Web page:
Church Growing Food For Community On Former Industrial Site

BOGALUSA, LA (AP) — A site that once housed a plant to produce tung oil is now planted in potatoes and onions to help feed the community.

         Last summer — its first under cultivation by ESM United Methodist Church — the garden produced an estimated 800 pounds of squash, 500 of potatoes, and smaller amounts of peanuts, cucumbers, tomatoes, bush beans and field peas.

         The 1.5-acre plot currently has 11 rows of potatoes and one of onions.

         People who live in the area can get what they need once crops are ready to harvest, said Kyle Knight, a General Dynamics Call Center manager.

         "Our one request is that they can pick all they want, but they have to pick some for someone who can't pick for themselves," he said. "We had approximately 150 people come by and pick through it last summer. We would love for anyone to pull weeds or bring their hoe and work the field that way."

         The Rev. Bill Moon, oversees work in the garden, which near the church on Avenue B. Moon has been known to get his hands dirty in the garden from time to time.

         "This was Dr. Whit Gallaspy's brainchild," Moon said. "Some of the other folks involved in it are John Gallaspy, Jim Yarborough, Kyle Knight, Pops Brazos, Greg Castorena and his brother, Javier. They've all worked out here in the garden."

         Moon said he doesn't really consider himself to have a green thumb.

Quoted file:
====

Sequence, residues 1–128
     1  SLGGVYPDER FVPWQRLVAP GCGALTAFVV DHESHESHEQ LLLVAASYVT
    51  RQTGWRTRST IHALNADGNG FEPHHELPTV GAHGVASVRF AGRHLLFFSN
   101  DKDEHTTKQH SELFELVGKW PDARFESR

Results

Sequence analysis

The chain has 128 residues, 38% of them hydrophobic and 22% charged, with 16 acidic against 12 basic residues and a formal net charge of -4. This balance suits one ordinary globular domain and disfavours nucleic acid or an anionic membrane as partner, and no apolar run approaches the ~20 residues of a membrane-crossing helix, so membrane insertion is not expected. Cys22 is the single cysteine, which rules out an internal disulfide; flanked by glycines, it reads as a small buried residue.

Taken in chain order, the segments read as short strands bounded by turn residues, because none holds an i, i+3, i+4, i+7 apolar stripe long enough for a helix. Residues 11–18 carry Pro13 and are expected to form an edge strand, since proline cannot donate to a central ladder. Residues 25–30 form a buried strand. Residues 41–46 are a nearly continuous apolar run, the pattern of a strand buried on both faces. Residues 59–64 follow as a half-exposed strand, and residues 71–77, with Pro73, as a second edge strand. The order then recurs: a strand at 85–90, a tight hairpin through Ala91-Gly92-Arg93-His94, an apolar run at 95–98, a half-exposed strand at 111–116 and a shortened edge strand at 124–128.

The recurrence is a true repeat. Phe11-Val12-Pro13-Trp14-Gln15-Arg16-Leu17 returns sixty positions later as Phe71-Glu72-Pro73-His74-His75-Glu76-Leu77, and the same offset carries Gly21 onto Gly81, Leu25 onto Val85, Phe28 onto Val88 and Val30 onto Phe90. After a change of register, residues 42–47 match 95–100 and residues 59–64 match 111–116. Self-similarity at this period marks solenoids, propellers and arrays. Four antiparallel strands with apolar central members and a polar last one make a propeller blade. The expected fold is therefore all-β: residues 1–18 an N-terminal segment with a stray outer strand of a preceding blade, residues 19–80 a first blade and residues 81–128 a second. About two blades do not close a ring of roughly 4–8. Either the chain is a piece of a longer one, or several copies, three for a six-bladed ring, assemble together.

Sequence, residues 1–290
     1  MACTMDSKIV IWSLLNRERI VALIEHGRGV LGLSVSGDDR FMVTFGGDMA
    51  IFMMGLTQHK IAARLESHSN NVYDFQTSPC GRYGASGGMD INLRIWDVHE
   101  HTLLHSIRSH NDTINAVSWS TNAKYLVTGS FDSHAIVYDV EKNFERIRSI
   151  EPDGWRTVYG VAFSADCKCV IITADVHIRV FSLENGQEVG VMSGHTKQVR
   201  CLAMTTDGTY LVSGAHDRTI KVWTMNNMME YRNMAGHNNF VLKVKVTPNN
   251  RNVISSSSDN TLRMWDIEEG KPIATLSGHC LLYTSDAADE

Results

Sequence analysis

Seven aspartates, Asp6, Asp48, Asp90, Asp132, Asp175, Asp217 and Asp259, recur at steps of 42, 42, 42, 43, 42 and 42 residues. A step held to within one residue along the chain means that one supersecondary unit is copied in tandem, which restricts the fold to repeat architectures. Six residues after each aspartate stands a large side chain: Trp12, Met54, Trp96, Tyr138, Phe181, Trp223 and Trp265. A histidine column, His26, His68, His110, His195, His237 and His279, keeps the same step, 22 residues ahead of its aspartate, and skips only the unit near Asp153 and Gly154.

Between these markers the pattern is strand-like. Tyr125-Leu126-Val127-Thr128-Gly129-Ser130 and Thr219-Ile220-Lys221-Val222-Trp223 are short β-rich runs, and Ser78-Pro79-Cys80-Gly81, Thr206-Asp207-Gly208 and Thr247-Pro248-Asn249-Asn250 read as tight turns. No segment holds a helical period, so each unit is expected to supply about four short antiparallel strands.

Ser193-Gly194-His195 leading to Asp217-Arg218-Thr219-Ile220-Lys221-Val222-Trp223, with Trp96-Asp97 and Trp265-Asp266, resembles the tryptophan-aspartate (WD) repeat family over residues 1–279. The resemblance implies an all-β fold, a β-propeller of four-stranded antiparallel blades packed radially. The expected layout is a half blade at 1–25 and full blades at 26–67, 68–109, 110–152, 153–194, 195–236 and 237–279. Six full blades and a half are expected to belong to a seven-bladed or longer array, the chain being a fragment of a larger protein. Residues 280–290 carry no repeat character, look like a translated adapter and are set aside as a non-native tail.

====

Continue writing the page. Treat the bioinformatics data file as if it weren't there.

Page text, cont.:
"I enjoy gardening and watching things grow," Moon said. "I think it's neat the church has this as a ministry to the community. The guys who started the garden refer themselves as 'sharecroppers.' They refer to the garden as the Widow's Garden."

         There are plans to expand the garden.

         "Plans are to keep extending it to the east," Moon said. "We've started a fund to install a two-inch water meter to help with summer irrigation needs.'

         Moon recalled how difficult it was to clear the field before planting.

         "We're constantly digging up old railroad ties, railroad spikes, tie plates, pieces of pipe and chunks of concrete," Moon said. "I refer to it as our archaeological dig. It's amazing what you can find out there. This was where the tung oil plant was. It's an abandoned industrial site that is now the home of a garden that helps feed our widows and impoverished people."

         To help remove debris from the site, Charles Weintrett loaned the gardeners his skid steer, and Stanley Scianna also loaned his heavy equipment for the task.

         Knight said the garden has the possibility of reaching so many more people.

         "We just dug up dirt last year and dropped seeds in. At all these vacant lots in town I'd love to see 20 years from now a community garden," Knight said. "To me, it's a win-win situation. You've got more food, you get to meet your neighbors, and crime goes down."

         – by AP/ Reporter Randy Hammons with The Daily News

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